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I was watching 60 Minutes last night and they reported on a most remarkable orchestra in the Congo. The Kimbanguist Symphony Orchestra is the only symphony orchestra in Central Africa and the only all-black orchestra in the world. The musicians are all volunteers, some walking 90 minutes each way to get to rehearsal. I don’t know much about the Congo, but I do know that it has been ravaged by war and is one of the poorest nations in the world. When food, water, shelter and security cannot be secured, why (and how!?) is this group of remarkable individuals going to orchestra practice every day?

It seems that when living in hell, music gives people a taste of heaven. And with that taste comes all those things of heaven: peace, joy, love. For a moment, the musicians are taken from their war-torn reality to a tiny glimpse of heaven. Watch the video, look at the faces of the people. Those are not the faces of the hopeless.

Watch a clip of The Messiah and See the whole segment here.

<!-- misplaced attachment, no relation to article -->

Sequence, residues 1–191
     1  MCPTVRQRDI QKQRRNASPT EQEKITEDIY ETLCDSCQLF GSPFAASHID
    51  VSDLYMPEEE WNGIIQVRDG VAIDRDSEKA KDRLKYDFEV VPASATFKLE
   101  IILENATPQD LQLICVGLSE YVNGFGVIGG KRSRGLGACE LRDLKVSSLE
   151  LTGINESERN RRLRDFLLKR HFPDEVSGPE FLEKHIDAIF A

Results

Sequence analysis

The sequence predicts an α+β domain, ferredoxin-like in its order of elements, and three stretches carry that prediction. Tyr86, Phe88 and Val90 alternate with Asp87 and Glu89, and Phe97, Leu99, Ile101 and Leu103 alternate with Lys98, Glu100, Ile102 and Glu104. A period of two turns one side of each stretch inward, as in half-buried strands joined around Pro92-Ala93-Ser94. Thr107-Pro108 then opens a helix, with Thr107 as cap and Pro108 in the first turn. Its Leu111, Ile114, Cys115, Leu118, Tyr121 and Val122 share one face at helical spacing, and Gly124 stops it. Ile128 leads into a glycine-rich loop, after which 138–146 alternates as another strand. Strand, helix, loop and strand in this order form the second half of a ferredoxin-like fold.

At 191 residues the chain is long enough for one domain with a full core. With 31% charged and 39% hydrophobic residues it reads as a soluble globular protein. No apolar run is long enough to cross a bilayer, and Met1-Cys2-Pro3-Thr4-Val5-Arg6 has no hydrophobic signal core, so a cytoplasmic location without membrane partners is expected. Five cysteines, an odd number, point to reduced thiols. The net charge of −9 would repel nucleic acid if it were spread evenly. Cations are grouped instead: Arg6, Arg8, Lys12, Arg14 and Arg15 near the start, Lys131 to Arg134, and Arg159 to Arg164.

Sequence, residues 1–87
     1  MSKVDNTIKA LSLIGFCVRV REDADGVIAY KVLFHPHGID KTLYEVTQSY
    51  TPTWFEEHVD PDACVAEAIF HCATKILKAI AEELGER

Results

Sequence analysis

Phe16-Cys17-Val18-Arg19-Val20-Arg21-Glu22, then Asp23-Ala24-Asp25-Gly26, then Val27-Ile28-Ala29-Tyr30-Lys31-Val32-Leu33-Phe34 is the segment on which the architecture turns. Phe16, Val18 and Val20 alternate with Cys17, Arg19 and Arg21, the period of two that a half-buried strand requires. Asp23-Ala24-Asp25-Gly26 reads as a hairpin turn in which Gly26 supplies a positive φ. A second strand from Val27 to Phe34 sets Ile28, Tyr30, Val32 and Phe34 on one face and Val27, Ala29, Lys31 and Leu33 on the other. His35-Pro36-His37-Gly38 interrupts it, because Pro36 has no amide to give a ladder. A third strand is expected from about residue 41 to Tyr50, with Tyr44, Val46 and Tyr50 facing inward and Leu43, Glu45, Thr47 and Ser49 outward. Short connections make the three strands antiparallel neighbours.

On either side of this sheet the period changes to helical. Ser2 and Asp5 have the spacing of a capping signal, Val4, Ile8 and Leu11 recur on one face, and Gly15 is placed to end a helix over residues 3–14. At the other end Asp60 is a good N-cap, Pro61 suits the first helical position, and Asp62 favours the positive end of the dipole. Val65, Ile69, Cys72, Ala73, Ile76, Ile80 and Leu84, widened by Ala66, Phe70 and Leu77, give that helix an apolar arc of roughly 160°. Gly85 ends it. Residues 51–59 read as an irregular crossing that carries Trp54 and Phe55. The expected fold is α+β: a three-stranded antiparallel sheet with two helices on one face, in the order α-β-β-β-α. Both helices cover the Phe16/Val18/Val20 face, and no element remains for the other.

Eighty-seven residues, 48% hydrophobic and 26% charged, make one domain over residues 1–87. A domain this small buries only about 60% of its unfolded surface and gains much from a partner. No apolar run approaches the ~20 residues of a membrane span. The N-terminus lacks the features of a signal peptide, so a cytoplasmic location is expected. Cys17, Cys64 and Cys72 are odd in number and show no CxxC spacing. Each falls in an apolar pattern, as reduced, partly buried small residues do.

We find music and art in the most unusual places around the world. It seems that it is a necessary part of human culture, even when the things we believe to be basic human needs (food, water, shelter) are not secured. Some of the most beautiful music to come out of the American South came from slave and chain gang songs. The music was necessary, not optional like many contemporary Americans believe.

Does the human need for an aesthetic experience extend into all of the arts? The scientists at Johns Hopkins believe so. In fact, they hosted a symposium to explore “Your Brain on Art.” (One of my new favorite artists as mentioned in a previous post, William Stoehr, was featured at the symposium!) I love to see science and art working together here, as it felt to me like I had to abandon my interest in science when I chose a vocation in art. The two are inexorably linked and it will be exciting to see some of the science that comes from the collaborative work at Johns Hopkins and the Walters Art Museum  in Baltimore.  As an aside, if you have never been to this little gem of a museum, get thee to Baltimore! It was a brilliant Medieval Art collection, a wonderful and engaging staff, a cool crypt-like cafe, and it’s just the right size to avoid “museum bazoo.” (You know that feeling you get after seeing too many great works of art? Your head starts to hurt and your knees creak. Is it possible that “museum bazoo” is a result of an aesthetic experience overload?)

Art is so unbearably necessary and so quintessentially human, that we cannot ignore it. The soul begins to crumble when we do. And, while I am known for a bit of hyperbole, I think that the members of the Kimbanguist Symphony Orchestra would most certainly agree.

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